Thus, the health and labor sectors will be the main ones in charge of monitoring the plan, and their role will be governed according to their competence, therefore, the companies have the responsibility to implement this plan at the beginning of their activities and to adapt them during the development of their activities, since general budgets of mandatory compliance are established.

However, let us not forget that this is joint work, just as employers must adopt preventive measures, workers must also help control the spread of the disease, being responsible for the care and implementation of the measures provided in their workplaces.

Crime of Attempt against safety and health conditions at work (Art. 168-A)

After the unfortunate accident occurred in one of the premises of the transnational chain Mc. Donald in the city of Lima, where two people lost their lives, by means of Emergency Decree 044-2019, published on December 30, 2019, the State modified Article 168-A of the Criminal Code, basically, it hardened its wording to the detriment of the employer, by establishing that it will be enough for the configuration of the crime the deliberate infringement of the safety and health standards at work and that these have put in imminent danger the life, health or physical integrity of the worker in a serious way.

Under this new situation of risk of contagion of COVID-19 and the obligation to comply with the new “Guidelines for the health surveillance of workers at risk of exposure to COVID-19”, whose supervision and control corresponds mainly to SUSALUD and SUNAFIL, it is important that the employer is aware of the risk of contagion of COVID-19 and the obligation to comply with the new “Guidelines for the health surveillance of workers at risk of exposure to COVID-19”. It is important that the employer is aware that the violation of these new health and labor directives will result in criminal penalties of no lesser severity, since the penalties for this crime range from one to four years if the life or health of the worker was put in imminent danger and between four and eight years if the death or serious injury of the worker occurs.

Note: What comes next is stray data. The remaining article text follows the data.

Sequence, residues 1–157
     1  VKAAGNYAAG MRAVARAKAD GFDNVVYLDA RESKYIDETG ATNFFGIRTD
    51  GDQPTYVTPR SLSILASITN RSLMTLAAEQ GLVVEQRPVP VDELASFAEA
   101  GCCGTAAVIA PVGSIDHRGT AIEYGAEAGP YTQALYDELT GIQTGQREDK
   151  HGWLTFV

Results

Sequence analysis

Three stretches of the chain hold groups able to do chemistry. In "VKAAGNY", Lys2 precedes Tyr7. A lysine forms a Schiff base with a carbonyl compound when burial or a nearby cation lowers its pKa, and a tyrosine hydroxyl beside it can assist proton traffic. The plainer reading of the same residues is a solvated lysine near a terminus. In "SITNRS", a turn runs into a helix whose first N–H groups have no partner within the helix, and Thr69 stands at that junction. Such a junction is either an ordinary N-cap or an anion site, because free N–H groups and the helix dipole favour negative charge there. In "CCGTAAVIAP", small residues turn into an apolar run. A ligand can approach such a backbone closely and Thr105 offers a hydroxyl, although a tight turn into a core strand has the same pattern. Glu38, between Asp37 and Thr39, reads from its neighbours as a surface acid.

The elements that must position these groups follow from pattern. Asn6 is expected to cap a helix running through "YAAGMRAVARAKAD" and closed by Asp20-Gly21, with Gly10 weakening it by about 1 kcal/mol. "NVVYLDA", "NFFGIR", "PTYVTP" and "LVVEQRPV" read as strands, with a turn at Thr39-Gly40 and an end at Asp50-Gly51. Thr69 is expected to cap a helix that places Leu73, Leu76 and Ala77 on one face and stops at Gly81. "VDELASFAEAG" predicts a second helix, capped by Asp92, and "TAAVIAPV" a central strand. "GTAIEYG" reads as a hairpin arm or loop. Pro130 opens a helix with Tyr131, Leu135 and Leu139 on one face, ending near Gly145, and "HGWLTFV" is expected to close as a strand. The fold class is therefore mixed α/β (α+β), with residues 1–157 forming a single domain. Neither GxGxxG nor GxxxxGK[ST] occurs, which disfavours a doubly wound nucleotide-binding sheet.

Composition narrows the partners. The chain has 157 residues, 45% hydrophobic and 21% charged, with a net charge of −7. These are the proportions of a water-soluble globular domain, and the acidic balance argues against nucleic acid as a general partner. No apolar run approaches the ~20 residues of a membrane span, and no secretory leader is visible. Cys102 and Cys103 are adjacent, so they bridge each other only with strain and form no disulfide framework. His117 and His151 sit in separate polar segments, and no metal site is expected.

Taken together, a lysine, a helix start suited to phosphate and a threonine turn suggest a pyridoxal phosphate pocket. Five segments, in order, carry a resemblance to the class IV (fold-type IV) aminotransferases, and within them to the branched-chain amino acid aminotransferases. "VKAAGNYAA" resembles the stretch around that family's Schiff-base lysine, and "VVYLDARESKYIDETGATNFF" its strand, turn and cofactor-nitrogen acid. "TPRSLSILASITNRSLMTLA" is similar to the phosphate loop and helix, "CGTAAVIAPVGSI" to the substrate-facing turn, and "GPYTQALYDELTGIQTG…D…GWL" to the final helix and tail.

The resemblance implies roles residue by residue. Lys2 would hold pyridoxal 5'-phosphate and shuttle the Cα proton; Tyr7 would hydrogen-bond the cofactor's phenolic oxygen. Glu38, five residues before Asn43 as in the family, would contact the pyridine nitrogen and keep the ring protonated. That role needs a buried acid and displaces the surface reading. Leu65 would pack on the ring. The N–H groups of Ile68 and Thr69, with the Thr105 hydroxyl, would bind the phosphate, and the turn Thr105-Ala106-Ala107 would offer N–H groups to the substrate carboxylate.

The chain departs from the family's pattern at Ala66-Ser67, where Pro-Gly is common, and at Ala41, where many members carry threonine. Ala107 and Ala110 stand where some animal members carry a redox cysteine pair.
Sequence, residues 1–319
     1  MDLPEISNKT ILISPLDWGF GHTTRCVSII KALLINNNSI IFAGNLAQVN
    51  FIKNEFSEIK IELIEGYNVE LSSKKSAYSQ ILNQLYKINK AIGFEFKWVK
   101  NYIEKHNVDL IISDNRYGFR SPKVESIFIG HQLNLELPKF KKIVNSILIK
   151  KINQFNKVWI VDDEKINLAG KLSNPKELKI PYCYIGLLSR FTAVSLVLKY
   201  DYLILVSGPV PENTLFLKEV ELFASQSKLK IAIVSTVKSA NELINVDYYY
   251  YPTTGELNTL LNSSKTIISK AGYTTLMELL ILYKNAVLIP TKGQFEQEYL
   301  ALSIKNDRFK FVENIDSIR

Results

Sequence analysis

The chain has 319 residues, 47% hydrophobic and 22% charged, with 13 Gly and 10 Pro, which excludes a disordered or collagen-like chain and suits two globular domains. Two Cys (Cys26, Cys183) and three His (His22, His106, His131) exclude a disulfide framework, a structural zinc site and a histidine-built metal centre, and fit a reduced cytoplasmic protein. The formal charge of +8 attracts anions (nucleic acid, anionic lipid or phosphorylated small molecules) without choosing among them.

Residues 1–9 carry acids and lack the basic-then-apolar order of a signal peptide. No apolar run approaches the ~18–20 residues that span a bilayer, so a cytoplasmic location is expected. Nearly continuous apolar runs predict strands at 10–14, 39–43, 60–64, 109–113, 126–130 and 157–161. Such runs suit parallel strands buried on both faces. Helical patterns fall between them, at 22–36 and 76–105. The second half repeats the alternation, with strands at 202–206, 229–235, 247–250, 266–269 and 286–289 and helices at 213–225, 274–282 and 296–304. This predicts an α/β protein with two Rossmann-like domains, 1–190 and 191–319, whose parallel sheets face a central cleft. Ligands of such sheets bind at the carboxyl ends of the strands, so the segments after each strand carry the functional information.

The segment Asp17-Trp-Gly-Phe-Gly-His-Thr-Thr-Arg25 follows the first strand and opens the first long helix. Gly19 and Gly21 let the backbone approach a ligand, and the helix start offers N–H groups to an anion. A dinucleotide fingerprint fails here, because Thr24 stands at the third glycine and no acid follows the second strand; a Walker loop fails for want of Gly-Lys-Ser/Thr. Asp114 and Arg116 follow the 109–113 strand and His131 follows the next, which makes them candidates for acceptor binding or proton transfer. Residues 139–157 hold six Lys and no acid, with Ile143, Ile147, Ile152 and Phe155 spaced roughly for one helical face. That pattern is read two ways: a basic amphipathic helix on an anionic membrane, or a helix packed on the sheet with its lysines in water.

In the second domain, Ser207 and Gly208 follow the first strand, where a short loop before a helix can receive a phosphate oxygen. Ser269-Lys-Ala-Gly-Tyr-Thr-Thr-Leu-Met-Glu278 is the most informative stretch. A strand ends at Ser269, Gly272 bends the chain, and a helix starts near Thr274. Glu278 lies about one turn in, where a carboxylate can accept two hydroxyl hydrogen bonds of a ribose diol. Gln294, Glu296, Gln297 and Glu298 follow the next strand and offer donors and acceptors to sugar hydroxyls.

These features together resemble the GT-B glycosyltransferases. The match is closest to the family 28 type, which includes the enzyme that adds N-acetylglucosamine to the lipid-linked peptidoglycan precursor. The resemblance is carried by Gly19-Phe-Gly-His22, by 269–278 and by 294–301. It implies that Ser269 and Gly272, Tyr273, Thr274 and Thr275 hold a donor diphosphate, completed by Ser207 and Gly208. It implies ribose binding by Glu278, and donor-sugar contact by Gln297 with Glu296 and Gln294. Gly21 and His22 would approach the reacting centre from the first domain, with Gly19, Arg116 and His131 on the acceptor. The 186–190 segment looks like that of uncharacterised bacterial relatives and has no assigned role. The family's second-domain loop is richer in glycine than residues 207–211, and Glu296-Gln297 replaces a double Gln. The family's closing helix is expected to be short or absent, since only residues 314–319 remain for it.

Today most of the companies in the country have already implemented a comprehensive risk prevention system within their commercial operation, so that adapting this new protocol to their management system should not be a major difficulty, the problem will have many other small businesses that still do not have it, hence the importance of the support to be provided by the State, advising and accompanying them in this process if they really want it to be a real prevention system and not one that only complies in appearance.

We close this commentary by noticing how the State, little by little, but increasingly, is leading companies in the direction of regulatory compliance systems or also called compliance. It all started, several years ago, with the discussion of the autonomous liability of the legal person, then with the incorporation of administrative liability for the crimes of Transnational Active Bribery in 2016, extended in 2017 for the crimes of Corruption, Money Laundering, Illegal Mining, Organized Crime and Terrorism and subsequent modification of 2018, where in addition the crimes of Collusion and Influence Trafficking were included and already express reference is made to the prevention models (compliance). Although there is no obligation yet to implement these compliance programs for other crimes, increasingly the State has been establishing procedures and rules whose monitoring and control is made more effective through these management mechanisms.

RM 239-2020-MINSA/ Technical Document “Guidelines for the surveillance, prevention and control of the health of workers at risk of exposure to COVID-19”.
2. Ibidem, point VII. Specific provisions, 7.2 Guidelines for the surveillance, prevention and control of COVID-19 at work.